Your M&A Transaction Might Fail. Here’s Why.
After more than a year of fervent dealmaking during historic volatility and uncertainty, InterGrowth 2022 gave us an opportunity to reflect on the past and refine our vision for the future.
InterGrowth is an annual networking conference hosted by the Association for Corporate Growth (ACG) for middle-market private equity professionals and transaction advisors.
They say, “what happens in Vegas, stays in Vegas.” But we couldn’t resist sharing our most meaningful takeaways from three days in Las Vegas.
1. Fatigue and burnout impacted everybody in dealmaking.
Whether you are an investor or a transaction advisor, you likely walked away from 2021 with a considerable sleep deficit. Concerns around rate hikes, inflation, global instability, and high volatility in public markets from the beginning of 2022 also forced many M&A professionals into yet another set of challenges.
We saw an unprecedented number of projects come across our desk in the latter half of 2021 alone – and we certainly felt the fatigue from running a marathon at the pace of a sprint.
If you have noticed some heightened stress after the last 18 months, you are in good company – we have all burnt the candle at both ends to keep up with deal activity.
2. Collaborate, not mandate.
The increase in fatigue and burnout has inevitably impacted one group in particular: management teams. The break-neck pace of exclusivity periods, extensive data requests, and intense negotiations have forced management teams to adapt to the ever-growing fervor of the private equity industry. To add, many executives had to navigate through these challenges all while having to lead their businesses through a period of historical volatility and macro challenges.
As a result, investors must carefully reconsider how they shape future partnerships with traditional mechanisms like earnout provisions and clawbacks. These mechanisms once provided additional reassurance to buyers by compelling management teams and other stakeholders to put their skin in the game. However, imposing strict performance requirements amid volatility and uncertainty could create undue stress on management teams. Or worse, it can be perceived as punitive or distrusting – which harms partnerships. Remember: trust and cooperation are harbingers to sustained value creation.
3. Human relationships must remain at the core of future M&A transactions.
Every business, whether it sells ballpoint pens or aerospace components, is grounded in human relationships. Product, intellectual property, and expertise are critical components in evaluating a company – but without the people to deliver the value and the people to buy that value, a company is nothing but ideas and inventory.
Considerations around human capital and relationship management will only grow more prominent, especially as business environments shift in response to economic, political, and public health conditions. As a result, investors must consider evaluating both internal and external business relationships as a critical portion of not only pre-close due diligence but ongoing growth and value creation.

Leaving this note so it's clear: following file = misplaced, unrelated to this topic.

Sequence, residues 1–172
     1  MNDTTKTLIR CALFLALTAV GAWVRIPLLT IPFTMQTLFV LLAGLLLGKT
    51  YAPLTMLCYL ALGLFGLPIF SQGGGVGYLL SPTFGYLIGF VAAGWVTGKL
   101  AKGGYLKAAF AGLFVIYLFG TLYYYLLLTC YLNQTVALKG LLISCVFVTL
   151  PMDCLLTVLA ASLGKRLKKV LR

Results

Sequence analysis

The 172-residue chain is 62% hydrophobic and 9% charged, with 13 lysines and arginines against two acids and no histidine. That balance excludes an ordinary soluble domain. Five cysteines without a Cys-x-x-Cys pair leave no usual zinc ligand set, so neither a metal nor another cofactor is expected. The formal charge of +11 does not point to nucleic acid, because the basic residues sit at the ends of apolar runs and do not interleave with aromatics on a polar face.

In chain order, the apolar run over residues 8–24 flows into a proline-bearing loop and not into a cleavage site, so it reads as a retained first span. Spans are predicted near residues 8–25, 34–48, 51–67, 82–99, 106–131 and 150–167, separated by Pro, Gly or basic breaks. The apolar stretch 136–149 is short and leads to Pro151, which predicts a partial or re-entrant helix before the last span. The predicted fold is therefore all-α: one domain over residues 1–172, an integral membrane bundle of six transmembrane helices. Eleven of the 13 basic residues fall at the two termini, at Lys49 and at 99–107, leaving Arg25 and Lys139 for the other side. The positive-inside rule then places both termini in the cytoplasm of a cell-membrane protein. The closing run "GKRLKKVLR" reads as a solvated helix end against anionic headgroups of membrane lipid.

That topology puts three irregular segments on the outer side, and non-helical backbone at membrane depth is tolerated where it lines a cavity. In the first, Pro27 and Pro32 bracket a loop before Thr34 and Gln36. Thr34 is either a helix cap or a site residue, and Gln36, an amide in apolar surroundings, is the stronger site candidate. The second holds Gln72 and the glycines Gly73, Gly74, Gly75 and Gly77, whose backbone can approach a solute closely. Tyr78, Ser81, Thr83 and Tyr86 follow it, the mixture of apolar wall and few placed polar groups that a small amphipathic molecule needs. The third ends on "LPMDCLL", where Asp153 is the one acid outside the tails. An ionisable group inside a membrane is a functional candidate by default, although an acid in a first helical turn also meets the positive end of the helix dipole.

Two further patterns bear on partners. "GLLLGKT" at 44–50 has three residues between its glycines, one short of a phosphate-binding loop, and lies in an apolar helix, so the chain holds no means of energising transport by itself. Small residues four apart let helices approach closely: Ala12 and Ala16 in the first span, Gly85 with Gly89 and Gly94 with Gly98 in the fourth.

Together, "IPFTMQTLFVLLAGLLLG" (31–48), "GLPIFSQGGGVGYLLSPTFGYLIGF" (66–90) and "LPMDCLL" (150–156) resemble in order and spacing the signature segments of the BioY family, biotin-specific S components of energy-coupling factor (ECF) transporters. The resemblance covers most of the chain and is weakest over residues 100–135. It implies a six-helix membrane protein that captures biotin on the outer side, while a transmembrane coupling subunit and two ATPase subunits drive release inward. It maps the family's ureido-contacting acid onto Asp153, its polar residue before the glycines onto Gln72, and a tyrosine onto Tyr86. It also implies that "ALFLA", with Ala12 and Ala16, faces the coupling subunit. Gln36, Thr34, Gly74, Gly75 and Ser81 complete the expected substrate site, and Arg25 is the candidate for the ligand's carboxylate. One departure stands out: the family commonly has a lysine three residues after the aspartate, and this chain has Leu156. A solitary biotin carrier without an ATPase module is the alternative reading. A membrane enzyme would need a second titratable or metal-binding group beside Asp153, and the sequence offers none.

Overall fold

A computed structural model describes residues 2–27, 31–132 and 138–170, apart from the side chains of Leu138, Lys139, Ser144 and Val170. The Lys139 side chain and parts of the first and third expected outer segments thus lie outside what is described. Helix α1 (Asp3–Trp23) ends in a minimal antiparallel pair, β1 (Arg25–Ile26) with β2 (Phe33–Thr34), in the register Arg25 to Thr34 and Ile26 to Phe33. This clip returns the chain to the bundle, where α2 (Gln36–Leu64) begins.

Whether making a platform or an add-on investment, seek feedback from the employees – allow their stories and perspective to help shape the strategic vision for the investment. Talk to the customers – in our experience, their feedback can help paint a clearer picture of where a business is underperforming, and which customer touchpoints are the most critical to improving loyalty and driving future engagement.
The ways that people create and maintain relationships are quickly changing. Investors must be able to effectively navigate those changes to prevent their portfolio companies from becoming nothing beyond ideas and inventory.
4. Debate then align. Quickly eliminate those who resist alignment.
Pressure to perform is at a historically high level in private equity transactions. As a result, distractions and unnecessary obstacles could make or break deals. One of the most poignant insights from InterGrowth was that post-merger integrations should include a democratic process for freely sharing ideas and concerns, then enforce compulsory adherence to the aligned principles and values.
After a merger, all relevant stakeholders should fall into one unified force to pursue a common objective. Those who refuse to do so should be promptly released to prevent lingering dissent in a company’s values.
Focus on what brings growth, eliminate what doesn’t.
5. The future of M&A is still optimistic.
The first quarter of 2022 saw M&A activity value slump by 23% and the S&P 500 fall by 4.6%. Numerous macro trends still suggest that we should get comfortable with volatility and uncertainty for a foreseeable future.
However, we sensed high optimism that deal flow will regain its steam and that the recent challenges will uncover new opportunities. In fact, the slowed pace of transactions allowed many M&A professionals to take a step back and reevaluate some questionable recent trends such as rushed exclusivity periods and abridged due diligence.
Going into InterGrowth 2022, we expected to encounter concern and skepticism about the immediate future of dealmaking. We were surprised by how quickly investors have been able to adapt their visions and strategies in response to evolving circumstances and new challenges. While the last 18 months have been tumultuous, we predict that our lessons from the pain and uncertainty will better prepare us for the future of dealmaking.